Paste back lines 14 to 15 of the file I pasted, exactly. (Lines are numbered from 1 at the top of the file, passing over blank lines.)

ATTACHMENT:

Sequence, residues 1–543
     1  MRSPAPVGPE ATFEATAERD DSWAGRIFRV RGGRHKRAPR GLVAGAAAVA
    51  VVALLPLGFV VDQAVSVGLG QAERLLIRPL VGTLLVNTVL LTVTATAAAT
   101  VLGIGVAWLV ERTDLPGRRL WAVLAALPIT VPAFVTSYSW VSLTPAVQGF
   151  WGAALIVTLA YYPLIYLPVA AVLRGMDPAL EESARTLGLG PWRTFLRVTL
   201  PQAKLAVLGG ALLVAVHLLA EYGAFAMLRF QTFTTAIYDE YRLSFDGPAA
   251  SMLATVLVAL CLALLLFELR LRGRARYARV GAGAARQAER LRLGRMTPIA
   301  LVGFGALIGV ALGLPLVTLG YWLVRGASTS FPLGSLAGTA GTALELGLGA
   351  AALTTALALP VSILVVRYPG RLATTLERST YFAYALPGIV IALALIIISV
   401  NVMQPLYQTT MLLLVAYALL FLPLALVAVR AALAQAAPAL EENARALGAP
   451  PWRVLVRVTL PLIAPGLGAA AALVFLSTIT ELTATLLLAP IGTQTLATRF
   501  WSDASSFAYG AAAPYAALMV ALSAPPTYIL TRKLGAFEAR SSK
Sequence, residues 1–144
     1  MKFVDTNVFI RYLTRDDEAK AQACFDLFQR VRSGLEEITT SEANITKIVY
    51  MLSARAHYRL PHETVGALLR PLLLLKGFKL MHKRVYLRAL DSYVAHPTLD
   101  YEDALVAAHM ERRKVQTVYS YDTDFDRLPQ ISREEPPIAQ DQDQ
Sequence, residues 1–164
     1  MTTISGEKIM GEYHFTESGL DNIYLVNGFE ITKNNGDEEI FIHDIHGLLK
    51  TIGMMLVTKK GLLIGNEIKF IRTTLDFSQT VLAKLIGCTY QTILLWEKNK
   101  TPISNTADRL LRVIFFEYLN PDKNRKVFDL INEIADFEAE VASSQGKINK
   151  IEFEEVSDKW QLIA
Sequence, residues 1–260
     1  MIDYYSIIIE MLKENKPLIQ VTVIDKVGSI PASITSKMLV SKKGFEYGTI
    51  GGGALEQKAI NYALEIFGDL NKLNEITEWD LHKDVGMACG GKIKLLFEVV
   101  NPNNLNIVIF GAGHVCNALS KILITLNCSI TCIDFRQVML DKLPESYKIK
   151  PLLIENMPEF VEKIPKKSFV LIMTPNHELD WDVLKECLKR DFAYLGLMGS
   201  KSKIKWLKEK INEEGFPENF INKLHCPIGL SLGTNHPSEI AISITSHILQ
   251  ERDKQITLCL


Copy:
     1  MKFVDTNVFI RYLTRDDEAK AQACFDLFQR VRSGLEEITT SEANITKIVY
    51  MLSARAHYRL PHETVGALLR PLLLLKGFKL MHKRVYLRAL DSYVAHPTLD